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Stock Market: New Man At The Helm
India’s premier exchange is looking ahead even as newcomer Vikram Limaye wants to set things right
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If one thing emerges crystal clear from the first two weeks of Vikram Limaye’s leadership at the NSE, it’s that the man is in a hurry to set things right. In barely a few days of joining the National Stock Exchange, the CEO & MD of the bourse filed the consent application with Sebi for a case that dogged the NSE, which alleges that the exchange unfairly gave access to a few brokers and algorithm traders.
For Limaye and the NSE, the consent application is a major move forward, which will pave the way eventually for a long-pending initial public offering, which has been stuck due to regulatory scrutiny. Consent applications are like negotiated settlements where a penalty is imposed on such entities. Says Limaye on the application: “It is an application to settle the matter without admission of guilt or wrong doing. The amount and terms would be mutually agreed based on discussions with Sebi.”
For one of the world’s largest exchange that ranks among the top 3 in number of trades in the derivatives market, it is an issue that has dogged the exchange for a few years now. Now, the soft-spoken Limaye has been thrust into the spotlight with the task of negotiating the terms of settlement with Sebi. It is a process that is likely to take a while as such matters go, but Limaye is hopeful that the matter will be resolved soon. “My hope is that it will be resolved in the next six months,” says Limaye.
The IPO Dream
If the issue does not get a speedy resolution, NSE’s IPO could see further delays. NSE is among the world’s largest exchanges in derivatives, handling a humongous amount of volumes that pitches the exchange in the top two in the world. The exchange has seen over 3 billion derivative contracts changing hands in 2015, and this trading volume is only rising.
“NSE is an institution of national importance. You don’t want overhang of investigations for too long which could be the case if this was to go through the court process. We would like to resolve the issue and move on and that I believe will also be in the best interests of markets and investors domestically and globally,” says Limaye. It’s an issue that all stakeholders would like to see resolved. Earlier in July, its chairman Ashok Chawla in a letter to employees said that the exchange is going through tough times due to technical and organisational issues. “Challenges (are) on the organisational front, stress over legacy technology issues, re-energising of relations with the stakeholders across the spectrum, from regulator to shareholder,” Chawla wrote in the letter. He also expressed optimism on overcoming the problems.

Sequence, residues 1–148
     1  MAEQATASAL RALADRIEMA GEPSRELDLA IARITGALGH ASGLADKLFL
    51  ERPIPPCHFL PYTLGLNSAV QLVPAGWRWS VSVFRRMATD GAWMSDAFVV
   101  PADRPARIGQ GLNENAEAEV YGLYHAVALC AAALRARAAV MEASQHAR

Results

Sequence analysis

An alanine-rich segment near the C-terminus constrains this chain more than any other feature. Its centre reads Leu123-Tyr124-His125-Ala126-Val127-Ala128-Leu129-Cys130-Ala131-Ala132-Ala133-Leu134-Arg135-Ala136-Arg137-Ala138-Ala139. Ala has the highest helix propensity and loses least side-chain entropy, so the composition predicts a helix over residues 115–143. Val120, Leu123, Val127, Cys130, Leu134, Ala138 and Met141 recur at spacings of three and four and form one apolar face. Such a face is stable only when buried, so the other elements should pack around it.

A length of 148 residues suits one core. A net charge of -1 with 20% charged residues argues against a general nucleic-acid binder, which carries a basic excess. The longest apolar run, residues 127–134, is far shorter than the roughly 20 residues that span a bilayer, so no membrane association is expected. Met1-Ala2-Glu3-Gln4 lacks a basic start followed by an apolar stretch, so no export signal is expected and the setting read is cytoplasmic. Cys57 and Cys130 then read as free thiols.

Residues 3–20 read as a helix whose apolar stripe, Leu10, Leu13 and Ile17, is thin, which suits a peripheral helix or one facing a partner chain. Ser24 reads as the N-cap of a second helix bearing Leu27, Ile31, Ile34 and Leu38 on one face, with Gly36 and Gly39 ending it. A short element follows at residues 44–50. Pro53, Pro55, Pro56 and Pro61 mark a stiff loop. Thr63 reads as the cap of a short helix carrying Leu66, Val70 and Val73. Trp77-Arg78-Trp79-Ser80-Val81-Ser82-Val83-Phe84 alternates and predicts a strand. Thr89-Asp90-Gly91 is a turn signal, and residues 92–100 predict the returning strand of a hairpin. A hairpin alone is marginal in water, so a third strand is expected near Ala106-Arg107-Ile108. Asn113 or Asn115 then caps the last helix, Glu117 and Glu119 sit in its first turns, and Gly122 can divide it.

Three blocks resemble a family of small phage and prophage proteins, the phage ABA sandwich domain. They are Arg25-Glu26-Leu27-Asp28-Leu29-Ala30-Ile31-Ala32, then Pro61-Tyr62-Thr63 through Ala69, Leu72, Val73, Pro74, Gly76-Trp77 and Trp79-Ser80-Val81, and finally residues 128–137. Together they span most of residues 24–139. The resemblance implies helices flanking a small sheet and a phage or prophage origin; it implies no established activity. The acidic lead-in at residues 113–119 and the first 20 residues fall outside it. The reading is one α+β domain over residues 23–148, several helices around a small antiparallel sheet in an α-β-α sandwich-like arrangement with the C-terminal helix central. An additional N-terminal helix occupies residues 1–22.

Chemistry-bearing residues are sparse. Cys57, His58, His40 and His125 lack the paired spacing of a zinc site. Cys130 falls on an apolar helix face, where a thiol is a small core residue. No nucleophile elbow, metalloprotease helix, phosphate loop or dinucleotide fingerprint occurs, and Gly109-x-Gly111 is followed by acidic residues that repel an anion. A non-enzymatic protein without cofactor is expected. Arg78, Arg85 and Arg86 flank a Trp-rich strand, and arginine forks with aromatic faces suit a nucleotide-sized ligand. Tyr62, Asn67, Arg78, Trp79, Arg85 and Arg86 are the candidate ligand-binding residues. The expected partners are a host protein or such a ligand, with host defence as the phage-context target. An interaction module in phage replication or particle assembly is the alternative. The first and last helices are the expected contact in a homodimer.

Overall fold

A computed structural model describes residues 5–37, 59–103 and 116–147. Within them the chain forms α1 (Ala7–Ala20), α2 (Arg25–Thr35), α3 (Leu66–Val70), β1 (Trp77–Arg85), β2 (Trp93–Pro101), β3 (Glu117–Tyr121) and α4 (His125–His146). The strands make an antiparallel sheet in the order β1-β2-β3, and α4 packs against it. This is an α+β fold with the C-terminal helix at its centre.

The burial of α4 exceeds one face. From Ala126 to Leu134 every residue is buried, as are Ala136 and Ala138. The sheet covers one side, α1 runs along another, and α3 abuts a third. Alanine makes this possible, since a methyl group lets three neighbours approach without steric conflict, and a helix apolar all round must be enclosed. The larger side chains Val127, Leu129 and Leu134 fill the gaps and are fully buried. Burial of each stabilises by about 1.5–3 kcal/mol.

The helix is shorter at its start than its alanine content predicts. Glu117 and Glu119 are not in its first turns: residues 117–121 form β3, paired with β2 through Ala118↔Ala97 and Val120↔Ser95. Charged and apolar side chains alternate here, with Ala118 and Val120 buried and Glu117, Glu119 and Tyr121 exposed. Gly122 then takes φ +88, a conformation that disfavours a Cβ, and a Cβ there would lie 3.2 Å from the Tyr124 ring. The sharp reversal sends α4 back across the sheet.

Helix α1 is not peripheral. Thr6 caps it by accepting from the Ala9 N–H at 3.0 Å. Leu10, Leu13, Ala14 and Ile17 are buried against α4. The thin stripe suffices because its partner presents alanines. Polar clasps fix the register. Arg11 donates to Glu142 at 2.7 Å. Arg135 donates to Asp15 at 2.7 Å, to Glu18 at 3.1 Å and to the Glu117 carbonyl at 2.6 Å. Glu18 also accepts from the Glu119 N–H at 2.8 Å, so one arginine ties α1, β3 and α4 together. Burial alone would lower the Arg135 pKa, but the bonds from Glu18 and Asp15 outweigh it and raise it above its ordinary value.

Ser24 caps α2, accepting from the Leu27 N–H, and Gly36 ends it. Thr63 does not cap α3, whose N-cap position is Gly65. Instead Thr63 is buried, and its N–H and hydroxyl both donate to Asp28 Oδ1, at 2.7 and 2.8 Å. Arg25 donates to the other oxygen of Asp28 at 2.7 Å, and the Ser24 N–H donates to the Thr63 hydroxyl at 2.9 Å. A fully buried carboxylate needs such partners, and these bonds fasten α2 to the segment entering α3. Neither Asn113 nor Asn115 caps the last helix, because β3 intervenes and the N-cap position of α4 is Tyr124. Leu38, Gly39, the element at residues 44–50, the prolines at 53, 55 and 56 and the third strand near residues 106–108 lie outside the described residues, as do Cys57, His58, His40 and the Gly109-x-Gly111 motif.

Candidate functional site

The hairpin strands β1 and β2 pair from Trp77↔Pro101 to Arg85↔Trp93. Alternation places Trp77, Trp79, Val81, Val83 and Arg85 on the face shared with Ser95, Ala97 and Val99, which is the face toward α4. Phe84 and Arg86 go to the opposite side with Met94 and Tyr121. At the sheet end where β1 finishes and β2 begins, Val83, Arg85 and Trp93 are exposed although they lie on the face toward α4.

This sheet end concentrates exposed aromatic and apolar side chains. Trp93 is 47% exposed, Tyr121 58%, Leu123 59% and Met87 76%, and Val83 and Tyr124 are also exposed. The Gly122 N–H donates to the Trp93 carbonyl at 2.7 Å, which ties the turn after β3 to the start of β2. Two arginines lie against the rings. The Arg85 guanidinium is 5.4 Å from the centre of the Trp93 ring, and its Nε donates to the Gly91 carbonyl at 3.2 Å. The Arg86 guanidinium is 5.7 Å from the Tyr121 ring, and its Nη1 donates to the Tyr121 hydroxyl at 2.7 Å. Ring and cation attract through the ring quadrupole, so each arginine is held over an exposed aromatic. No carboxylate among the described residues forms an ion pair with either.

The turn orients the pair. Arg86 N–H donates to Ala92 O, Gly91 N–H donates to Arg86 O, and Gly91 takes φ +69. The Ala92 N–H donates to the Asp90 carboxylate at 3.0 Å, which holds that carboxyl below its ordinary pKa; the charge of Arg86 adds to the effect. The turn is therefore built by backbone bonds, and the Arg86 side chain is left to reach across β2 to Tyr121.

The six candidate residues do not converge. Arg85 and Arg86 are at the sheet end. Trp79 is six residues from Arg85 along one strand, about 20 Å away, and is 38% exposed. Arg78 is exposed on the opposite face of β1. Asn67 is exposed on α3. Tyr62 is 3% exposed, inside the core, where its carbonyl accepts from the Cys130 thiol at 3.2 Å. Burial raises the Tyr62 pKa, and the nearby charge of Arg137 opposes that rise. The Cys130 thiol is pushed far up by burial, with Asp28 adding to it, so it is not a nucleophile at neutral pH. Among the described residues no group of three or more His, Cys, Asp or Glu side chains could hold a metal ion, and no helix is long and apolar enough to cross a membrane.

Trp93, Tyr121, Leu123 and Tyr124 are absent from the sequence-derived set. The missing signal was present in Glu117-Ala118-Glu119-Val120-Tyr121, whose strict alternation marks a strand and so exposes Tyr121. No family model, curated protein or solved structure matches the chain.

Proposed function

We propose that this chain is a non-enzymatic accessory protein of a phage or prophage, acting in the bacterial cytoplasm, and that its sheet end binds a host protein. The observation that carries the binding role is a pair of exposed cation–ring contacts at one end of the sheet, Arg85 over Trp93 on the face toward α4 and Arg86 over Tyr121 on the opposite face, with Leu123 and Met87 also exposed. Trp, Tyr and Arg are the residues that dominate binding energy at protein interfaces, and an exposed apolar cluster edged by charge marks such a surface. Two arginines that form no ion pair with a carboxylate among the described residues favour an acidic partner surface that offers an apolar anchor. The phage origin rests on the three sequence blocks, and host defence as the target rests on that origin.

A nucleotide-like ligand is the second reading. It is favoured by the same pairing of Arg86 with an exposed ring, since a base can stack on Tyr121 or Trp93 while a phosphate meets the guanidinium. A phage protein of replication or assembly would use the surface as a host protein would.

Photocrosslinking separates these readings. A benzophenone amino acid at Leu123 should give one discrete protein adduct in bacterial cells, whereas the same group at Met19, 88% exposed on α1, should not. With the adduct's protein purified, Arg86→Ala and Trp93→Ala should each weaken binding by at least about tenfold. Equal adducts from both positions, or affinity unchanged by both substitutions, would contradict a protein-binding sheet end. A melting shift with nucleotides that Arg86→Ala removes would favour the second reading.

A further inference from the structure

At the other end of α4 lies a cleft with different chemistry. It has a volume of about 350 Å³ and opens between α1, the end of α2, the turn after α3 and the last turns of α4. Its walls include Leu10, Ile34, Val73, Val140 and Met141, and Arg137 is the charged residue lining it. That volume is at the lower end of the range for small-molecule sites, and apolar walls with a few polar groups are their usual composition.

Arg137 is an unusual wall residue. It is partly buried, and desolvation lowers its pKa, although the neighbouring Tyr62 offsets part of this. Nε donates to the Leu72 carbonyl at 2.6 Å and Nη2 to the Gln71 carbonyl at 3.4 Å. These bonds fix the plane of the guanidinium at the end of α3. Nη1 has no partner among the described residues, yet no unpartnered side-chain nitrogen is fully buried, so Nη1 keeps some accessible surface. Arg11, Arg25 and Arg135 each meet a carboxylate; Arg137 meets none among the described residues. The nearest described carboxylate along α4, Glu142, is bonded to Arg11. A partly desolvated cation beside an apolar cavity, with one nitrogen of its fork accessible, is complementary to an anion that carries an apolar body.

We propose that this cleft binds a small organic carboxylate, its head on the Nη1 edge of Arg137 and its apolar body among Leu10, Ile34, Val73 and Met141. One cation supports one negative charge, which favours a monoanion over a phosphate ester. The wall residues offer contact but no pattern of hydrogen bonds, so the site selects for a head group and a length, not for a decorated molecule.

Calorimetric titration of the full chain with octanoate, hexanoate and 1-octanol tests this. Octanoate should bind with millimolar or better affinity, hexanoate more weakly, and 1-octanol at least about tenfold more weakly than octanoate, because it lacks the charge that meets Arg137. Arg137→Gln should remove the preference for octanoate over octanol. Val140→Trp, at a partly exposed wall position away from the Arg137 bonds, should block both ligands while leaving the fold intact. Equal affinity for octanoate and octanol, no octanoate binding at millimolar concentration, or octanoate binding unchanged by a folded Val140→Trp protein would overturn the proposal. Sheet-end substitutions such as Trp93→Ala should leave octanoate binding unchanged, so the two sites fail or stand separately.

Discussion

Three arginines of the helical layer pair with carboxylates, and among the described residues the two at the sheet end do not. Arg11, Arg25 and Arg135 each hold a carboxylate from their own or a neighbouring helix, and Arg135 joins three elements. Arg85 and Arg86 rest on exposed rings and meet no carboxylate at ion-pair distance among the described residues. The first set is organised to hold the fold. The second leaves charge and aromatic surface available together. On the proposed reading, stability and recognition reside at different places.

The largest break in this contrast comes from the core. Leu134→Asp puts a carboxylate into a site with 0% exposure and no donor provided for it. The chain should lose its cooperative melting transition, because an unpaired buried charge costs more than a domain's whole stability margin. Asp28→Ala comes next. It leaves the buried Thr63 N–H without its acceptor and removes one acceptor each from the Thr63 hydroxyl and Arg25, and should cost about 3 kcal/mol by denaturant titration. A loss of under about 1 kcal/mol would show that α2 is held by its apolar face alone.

NSE has a market share of over 85 per cent in the equities trading segment, and 94 per cent in the equities derivatives segment. NSE has also been one of the largest exchanges in terms of total and average daily turnover within the first year of its operations back in 1994.
Hence, Limaye also had to oversee a submission to Sebi on the trading glitch that hit India’s biggest stock exchange. This glitch halted trading for three hours on the NSE on 11 July, days before Limaye joined, which he attributes to an interface breakdown of its systems.
A few days later into the new role as the CEO, Limaye also witnessed a historical moment. The NSE’s flagship indice, the Nifty 50, scaled a new peak and crossed the important 10,000 mark for the first time in its 22-year history.
For NSE, however, despite it being India’s premier exchange, some of the needs of corporates is to bridge the debt funding gap in the economy. Limaye believes that the Indian bond market needs to be developed, and products such as interest rate futures and credit derivatives need to see the light of day. Limaye also notes that the NSE has applied for a corporate bond repo product, and some shorter duration index products.
So, it has been an eventful first few weeks at the helm for Limaye. For the man, though, the challenge of steering a business through difficult times is nothing new.
But the good thing is that NSE has a strong and enviable business in the transactions business having a lion’s share of the derivatives market. Limaye just has to build on that, and before long, the NSE should be out of the woods.